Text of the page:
Saccharin

Saccharin is an artificial, non-nutritive sweetener
Saccharin is an artificial, non-nutritive sweetener

Saccharin is an artificial, or nonnutritive, sweetener that is used in the production of various foods and pharmaceutical products including:

  • Baked goods
  • Jams
  • Chewing gum
  • Drinks
  • Tinned fruit
  • Medicines and
  • Toothpaste

It is 200 to 700 times sweeter than sucrose (table sugar), does not raise blood sugar levels and like all nonnutritive sweeteners has no calories.

However, it does have a bitter or metallic aftertaste, especially at high concentrations.

Saccharin is unstable when heated but does not react chemically with other food ingredients, which makes it good for storage.

The substance was first discovered in 1878 by researcher Constantin Fahlberg, who was working on coal tar derivatives in a laboratory at the John Hopkins University in Baltimore.

Use of the substance became widespread during the sugar shortages of World War I.

Its popularity further increased during the 1960s and 1970s among dieters as a result of its ‘calorie-free’ status.

Benefits of saccharin

Saccharin has numerous advantages, including:

Can be blended with other sweeteners

Saccharin is often blended with other artificial sweeteners to compensate for each sweetener’s weaknesses.

For example, it is commonly mixed with cyclamate in countries where both these sweeteners are legal, with each sweetener used to mask the other's off-taste.

Blends of saccharin and aspartame are also often used in diet carbonated soft drinks to ensure that some sweetness remains in the event that syrup is stored beyond aspartame's relatively short shelf-life.

Helpful to people with diabetes

Consumption of saccharin-sweetened products can benefit diabetics as the substance goes directly through the human digestive system without being digested. While saccharin has no food energy, it can trigger the release of insulin in humans due to its sweet taste.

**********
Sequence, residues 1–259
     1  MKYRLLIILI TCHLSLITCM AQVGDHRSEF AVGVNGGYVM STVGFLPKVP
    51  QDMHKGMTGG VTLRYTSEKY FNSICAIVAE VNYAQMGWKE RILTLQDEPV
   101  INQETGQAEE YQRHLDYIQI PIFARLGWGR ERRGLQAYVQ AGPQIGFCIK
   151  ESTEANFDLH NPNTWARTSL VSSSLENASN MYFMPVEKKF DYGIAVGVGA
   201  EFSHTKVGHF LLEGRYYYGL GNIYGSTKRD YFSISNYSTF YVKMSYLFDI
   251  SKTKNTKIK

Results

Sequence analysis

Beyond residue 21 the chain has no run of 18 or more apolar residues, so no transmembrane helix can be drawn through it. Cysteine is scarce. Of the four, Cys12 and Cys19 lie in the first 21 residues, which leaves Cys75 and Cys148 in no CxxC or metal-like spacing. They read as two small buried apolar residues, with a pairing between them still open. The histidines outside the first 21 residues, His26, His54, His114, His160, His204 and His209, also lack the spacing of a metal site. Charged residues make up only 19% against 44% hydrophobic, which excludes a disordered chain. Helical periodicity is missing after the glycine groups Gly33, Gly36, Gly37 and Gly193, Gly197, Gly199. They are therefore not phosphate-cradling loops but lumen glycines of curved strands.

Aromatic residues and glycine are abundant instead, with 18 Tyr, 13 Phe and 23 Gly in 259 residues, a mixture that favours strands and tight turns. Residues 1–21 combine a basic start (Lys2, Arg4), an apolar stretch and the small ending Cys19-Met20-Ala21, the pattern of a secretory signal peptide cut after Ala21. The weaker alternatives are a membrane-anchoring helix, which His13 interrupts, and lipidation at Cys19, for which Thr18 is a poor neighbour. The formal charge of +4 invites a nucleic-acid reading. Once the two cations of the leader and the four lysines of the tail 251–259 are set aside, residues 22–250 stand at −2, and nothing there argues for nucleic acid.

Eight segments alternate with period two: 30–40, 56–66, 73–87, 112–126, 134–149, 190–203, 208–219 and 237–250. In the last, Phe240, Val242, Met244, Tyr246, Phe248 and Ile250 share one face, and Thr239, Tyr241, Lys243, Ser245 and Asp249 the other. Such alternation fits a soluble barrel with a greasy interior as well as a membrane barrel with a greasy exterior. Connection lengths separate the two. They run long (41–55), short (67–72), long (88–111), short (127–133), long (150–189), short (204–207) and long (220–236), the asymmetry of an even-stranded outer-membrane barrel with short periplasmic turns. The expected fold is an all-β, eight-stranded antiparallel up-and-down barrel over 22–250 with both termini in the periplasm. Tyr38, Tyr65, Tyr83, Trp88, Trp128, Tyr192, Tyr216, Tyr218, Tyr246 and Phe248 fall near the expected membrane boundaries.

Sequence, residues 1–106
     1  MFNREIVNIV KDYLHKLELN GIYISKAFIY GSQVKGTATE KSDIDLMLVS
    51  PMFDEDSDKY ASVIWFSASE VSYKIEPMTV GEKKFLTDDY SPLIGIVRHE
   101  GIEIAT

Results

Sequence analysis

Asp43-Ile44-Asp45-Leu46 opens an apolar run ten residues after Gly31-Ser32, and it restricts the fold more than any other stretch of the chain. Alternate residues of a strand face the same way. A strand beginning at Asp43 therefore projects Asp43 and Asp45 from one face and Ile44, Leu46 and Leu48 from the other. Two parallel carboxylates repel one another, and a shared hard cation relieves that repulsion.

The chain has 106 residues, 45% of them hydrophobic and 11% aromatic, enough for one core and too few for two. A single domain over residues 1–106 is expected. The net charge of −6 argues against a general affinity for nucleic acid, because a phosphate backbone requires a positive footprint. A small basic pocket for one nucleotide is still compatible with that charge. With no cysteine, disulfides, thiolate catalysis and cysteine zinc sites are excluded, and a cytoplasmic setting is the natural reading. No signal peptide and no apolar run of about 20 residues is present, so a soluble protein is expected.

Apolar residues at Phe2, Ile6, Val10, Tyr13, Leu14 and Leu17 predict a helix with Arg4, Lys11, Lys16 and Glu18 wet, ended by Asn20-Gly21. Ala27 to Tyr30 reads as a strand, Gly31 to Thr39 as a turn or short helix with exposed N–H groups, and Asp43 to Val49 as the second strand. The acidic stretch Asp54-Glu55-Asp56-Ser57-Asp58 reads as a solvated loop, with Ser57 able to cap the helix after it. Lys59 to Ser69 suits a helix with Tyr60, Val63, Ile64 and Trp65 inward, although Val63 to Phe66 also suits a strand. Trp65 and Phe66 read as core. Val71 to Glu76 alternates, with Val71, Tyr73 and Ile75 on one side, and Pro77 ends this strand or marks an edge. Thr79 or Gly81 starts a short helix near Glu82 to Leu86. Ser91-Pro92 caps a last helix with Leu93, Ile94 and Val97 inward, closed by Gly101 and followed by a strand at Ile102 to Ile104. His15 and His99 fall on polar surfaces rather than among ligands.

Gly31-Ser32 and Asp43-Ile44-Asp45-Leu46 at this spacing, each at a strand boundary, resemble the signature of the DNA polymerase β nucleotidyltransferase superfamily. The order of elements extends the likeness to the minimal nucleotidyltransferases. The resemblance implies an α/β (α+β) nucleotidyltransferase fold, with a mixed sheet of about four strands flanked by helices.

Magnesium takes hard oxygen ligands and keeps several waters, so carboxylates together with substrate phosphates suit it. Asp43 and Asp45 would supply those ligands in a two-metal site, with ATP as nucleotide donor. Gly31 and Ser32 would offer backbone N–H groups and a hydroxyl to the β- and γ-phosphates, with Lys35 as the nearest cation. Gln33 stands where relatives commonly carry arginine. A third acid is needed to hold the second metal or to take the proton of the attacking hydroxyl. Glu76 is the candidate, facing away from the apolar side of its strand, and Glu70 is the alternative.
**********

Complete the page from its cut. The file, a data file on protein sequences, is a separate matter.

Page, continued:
Does saccharin raise blood sugar levels?

Although marketed as a 'calorie-free' sweetener, several recent studies have found that saccharin actually raises blood glucose levels. It is thought that these effects are due to changes in gut bacteria triggered by the sweeteners.

However, most of these studies have been conducted on mice, and those that have been conducted on humans have involved very small sample sizes.

Because of this, it's difficult to draw solid conclusions from the research. However, most studies indicate that the sweetener stevia does not influence blood glucose levels, which makes it a viable option if you are concerned about the possible effects of saccharin.

Safety

Use of saccharin in human food has been plagued by safety concerns. During the early 1970s, studies on laboratory rats linked saccharin with the development of bladder cancer in rodents.

As a result, the U.S. Food and Drug Administration (FDA) pushed for a ban on saccharin use in the United States based on the Delaney Clause of the Federal Food, Drug, and Cosmetic Act enacted in 1958, which prohibits the addition to human food of any substances that induce cancer in humans or animals.

But following strong opposition to the ban from the general public (saccharin was the only artificial sweetener available at that time), the United States Congress intervened and allowed saccharin to remain in the food supply as long as all food containing the artificial sweetener was labelled with a health warning.

Since then, numerous human-based studies have concluded that the elevated bladder cancer risk found in rats does not translate to humans.

In 2000, the warning labels on saccharin-sweetened products were removed and in the following year, the FDA reversed its position on saccharin, declaring it safe for consumption.

Saccharin is now one of five FDA-approved artificial sweeteners, and is also an approved food additive in Europe and most countries around the world.

Possible side effects

While the association between saccharin consumption and bladder cancer risk has been disproved, many health groups still believe that its use should be limited in:

This is due to the possibility of allergic reactions.

Saccharin belongs to a class of compounds known as sulfonamides, which can cause allergic reactions in some individuals.

Reactions can include:

Explore Saccharin
Join the Diabetes Newsletter